In the mid-nineties, at 17, Blessed Noble started performing and recording hip-hop with her group, Ms. Conduct. By 1997, Rhymestone, as she called herself then, left traditional hip-hop when she picked up gospel rap from the kids at the Sharon Baptist Church, formally located at 59th and Christian Streets in West Philadelphia. She began attending the church a year earlier and with the encouragement of Pastor Keith W. Reed, she wound up touring the tri-state area spreading her message through gospel rap.
The tours lasted for a few years, but when Laverne could not finish school, she thought she had left her dreams of higher education and performing behind. Blessed Noble says her husband, the patients at the KeyStone Center and the song “I’m not Afraid,” by Eminem were the trinity that ultimately inspired her to go back to school, however, and to return to the stage.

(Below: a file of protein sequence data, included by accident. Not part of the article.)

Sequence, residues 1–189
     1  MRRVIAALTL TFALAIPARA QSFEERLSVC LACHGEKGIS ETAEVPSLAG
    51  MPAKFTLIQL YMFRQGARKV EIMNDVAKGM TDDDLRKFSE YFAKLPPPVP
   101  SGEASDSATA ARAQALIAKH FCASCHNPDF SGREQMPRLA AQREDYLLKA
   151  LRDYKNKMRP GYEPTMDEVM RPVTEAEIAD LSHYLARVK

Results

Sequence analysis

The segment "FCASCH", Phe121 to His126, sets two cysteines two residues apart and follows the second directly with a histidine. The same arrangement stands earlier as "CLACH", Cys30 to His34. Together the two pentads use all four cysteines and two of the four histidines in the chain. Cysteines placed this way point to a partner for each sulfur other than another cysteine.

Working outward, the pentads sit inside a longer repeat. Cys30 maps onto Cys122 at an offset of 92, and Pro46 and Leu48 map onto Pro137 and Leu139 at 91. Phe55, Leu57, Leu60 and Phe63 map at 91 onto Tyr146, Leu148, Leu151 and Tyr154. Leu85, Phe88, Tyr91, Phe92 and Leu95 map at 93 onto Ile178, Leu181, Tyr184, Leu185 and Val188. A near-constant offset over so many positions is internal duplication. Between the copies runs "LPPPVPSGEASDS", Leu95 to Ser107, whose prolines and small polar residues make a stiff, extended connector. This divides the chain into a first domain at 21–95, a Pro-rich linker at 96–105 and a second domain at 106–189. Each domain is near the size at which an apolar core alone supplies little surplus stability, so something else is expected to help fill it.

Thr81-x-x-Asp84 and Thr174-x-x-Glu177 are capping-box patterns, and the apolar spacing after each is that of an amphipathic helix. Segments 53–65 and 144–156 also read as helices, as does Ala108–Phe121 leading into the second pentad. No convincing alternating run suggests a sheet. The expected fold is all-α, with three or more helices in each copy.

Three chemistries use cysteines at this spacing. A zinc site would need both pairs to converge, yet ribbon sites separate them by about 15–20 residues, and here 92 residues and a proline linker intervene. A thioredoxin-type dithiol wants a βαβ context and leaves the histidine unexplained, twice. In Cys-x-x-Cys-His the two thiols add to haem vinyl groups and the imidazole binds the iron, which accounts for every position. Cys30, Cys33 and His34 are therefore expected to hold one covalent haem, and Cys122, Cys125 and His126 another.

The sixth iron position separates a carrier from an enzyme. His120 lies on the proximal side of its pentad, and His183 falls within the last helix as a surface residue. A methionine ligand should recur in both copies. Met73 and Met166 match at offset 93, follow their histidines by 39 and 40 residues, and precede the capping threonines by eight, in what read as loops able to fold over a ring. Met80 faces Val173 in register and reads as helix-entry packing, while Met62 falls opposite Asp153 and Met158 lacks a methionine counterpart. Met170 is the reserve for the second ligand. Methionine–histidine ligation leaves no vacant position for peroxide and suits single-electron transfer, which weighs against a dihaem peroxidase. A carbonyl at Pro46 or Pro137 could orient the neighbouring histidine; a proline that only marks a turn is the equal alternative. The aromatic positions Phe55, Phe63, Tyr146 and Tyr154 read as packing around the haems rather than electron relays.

In 2009, Laverne graduated from Philadelphia Biblical College. She also released her first studio-produced EP, “Delivered,” that year, a six-song introduction to her rebirth as a gospel rapper. Most recently, Blessed Noble shot a video for her song “I Believe in You,” at the home of the Sykes-Gerhard family in Glenside. Janet Gerhard responded to a Craigslist post Blessed Noble made looking for a place to shoot her video.
“I Believe in You” is from Blessed Noble’s effort, “Changed,” to be released this August. So far, Blessed Noble, who now attends Enon Tabernacle Baptist Church, on Cheltenham Avenue near the Route 309 Intersection. Under Pastor Alyn E. Waller, Laverne recorded eight of the album’s 10 tracks at Philly studios Smashed Cat Recording and BMR Entertainment.